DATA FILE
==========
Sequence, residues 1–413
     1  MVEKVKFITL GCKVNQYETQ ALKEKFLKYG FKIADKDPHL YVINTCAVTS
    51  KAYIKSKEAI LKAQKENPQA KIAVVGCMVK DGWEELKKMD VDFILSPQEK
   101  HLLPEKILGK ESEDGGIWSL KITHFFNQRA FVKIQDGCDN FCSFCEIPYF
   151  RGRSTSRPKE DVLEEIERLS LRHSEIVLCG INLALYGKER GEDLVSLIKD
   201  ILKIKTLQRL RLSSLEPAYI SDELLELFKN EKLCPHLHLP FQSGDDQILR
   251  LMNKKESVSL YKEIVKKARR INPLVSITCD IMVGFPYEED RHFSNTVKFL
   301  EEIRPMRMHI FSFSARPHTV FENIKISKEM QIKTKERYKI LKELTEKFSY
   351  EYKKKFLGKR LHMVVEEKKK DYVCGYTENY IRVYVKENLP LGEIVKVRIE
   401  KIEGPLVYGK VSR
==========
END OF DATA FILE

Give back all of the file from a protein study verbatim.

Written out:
Sequence, residues 1–413
     1  MVEKVKFITL GCKVNQYETQ ALKEKFLKYG FKIADKDPHL YVINTCAVTS
    51  KAYIKSKEAI LKAQKENPQA KIAVVGCMVK DGWEELKKMD VDFILSPQEK
   101  HLLPEKILGK ESEDGGIWSL KITHFFNQRA FVKIQDGCDN FCSFCEIPYF
   151  RGRSTSRPKE DVLEEIERLS LRHSEIVLCG INLALYGKER GEDLVSLIKD
   201  ILKIKTLQRL RLSSLEPAYI SDELLELFKN EKLCPHLHLP FQSGDDQILR
   251  LMNKKESVSL YKEIVKKARR INPLVSITCD IMVGFPYEED RHFSNTVKFL
   301  EEIRPMRMHI FSFSARPHTV FENIKISKEM QIKTKERYKI LKELTEKFSY
   351  EYKKKFLGKR LHMVVEEKKK DYVCGYTENY IRVYVKENLP LGEIVKVRIE
   401  KIEGPLVYGK VSR